Vietnamese ceramics are less well known than their contemporary Chinese counterparts. Vietnamese potters began producing blue-and-white wares in the 14th century. By the 15th and 16th centuries, Vietnamese ceramics were traded widely through Southeast Asia. The small jarlets shown here, decorated with floral and geometric motifs, are from that era. They are part of a sizable collection of Vietnamese ceramics donated by Dean Frasché (1906–1994). Frasché worked for the Union Carbide Corporation and spent much of his career in Southeast Asia. Although not trained in archaeology, he became a well-respected specialist in Southeast Asian ceramics. He formed a warm friendship with UMMA curator Kamer Aga Oglu and donated objects to our Museum and the Smithsonian Institution.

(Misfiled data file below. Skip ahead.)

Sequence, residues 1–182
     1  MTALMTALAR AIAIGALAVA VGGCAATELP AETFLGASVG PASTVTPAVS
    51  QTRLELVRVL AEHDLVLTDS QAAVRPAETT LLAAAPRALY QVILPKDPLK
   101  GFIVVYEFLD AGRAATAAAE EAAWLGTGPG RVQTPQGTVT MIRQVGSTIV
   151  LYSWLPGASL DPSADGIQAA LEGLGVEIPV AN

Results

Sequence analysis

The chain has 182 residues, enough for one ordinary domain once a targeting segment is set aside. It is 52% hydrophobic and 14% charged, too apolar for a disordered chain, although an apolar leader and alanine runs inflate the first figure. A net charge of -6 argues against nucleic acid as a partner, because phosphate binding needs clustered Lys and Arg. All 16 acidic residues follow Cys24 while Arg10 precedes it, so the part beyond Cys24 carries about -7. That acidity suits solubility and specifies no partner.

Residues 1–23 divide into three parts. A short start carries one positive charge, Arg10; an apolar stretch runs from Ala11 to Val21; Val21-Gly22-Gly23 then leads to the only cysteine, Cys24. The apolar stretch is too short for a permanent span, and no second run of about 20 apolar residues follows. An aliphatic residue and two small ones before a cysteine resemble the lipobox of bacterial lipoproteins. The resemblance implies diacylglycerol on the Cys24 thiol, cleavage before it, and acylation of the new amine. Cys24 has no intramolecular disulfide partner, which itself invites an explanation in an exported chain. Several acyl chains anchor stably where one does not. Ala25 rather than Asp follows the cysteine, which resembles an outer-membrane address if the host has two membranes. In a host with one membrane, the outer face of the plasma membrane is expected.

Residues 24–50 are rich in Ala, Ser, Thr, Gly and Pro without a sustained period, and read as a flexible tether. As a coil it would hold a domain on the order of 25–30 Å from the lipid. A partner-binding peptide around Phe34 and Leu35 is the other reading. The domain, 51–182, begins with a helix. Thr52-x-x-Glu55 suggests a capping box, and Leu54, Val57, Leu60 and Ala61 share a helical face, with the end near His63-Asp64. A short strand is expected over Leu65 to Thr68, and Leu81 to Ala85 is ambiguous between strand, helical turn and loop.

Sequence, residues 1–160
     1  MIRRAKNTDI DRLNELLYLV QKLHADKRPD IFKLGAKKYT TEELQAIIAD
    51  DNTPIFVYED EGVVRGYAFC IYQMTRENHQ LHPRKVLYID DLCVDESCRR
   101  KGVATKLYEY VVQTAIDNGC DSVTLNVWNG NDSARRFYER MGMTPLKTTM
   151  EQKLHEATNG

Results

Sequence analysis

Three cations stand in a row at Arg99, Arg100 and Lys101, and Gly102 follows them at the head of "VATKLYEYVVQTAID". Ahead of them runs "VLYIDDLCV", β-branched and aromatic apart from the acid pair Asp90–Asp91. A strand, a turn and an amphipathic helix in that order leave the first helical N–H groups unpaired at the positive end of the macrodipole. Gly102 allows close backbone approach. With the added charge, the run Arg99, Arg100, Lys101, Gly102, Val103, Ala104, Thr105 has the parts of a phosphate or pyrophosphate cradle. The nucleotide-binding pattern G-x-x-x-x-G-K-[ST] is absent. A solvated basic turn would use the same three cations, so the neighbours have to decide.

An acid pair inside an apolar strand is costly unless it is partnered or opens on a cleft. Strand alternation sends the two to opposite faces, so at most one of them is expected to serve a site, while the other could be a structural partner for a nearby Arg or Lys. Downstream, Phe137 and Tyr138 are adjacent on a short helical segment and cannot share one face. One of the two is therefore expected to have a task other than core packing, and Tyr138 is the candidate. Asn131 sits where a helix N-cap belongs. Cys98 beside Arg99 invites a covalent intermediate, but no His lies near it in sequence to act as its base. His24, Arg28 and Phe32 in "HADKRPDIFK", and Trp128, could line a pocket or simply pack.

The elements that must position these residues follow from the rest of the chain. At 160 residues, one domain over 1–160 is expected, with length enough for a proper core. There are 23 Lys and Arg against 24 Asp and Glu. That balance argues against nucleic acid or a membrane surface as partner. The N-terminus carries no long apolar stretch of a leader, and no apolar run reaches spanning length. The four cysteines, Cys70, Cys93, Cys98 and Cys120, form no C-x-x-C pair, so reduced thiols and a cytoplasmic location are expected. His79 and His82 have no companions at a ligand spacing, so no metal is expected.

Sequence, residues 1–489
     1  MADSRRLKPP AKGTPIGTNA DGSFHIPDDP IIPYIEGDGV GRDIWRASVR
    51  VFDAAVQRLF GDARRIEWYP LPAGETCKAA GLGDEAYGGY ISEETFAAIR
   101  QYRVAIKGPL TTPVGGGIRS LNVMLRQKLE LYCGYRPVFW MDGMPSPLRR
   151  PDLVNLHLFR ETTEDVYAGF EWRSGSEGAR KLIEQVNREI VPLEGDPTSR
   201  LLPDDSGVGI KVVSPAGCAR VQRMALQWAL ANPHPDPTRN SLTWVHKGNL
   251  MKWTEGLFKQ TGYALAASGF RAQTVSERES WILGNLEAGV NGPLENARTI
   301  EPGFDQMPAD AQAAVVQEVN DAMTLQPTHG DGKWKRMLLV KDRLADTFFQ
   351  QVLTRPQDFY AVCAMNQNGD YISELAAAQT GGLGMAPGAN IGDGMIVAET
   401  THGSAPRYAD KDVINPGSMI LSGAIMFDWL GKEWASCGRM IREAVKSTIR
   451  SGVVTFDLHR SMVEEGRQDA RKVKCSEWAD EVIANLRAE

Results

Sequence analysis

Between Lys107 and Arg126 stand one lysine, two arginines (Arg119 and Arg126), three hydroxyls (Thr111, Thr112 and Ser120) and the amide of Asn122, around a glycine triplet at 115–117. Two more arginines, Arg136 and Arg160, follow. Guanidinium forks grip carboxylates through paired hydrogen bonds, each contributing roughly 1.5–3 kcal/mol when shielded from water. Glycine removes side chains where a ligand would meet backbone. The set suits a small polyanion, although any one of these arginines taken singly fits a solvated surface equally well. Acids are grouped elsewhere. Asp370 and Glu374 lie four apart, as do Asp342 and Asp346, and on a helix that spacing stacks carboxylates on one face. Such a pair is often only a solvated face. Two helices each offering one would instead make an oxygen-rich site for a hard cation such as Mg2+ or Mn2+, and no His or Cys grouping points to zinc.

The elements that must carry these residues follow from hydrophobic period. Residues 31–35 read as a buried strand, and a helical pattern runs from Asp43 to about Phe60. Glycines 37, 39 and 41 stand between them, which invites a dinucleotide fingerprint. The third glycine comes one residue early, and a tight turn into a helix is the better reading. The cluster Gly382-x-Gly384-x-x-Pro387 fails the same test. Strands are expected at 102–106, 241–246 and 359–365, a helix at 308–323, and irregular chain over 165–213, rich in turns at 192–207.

In honor of the University of Michigan’s 2017 bicentennial, we are celebrating the remarkable archaeological and ethnographic collections and rich legacy of research and teaching at the Museum of Anthropological Archaeology by posting one entry a day for 200 days. The entries will highlight objects from the collections, museum personalities, and UMMAA expeditions. The Kelsey Museum of Archaeology is also posting each day for 200 days on Twitter and Facebook (follow along at #KMA200). After the last post, an exhibition on two centuries of archaeology at U-M opens at the Kelsey. Visit the exhibit—a joint project of the UMMAA and the Kelsey—from October 18, 2017 to May 27, 2018.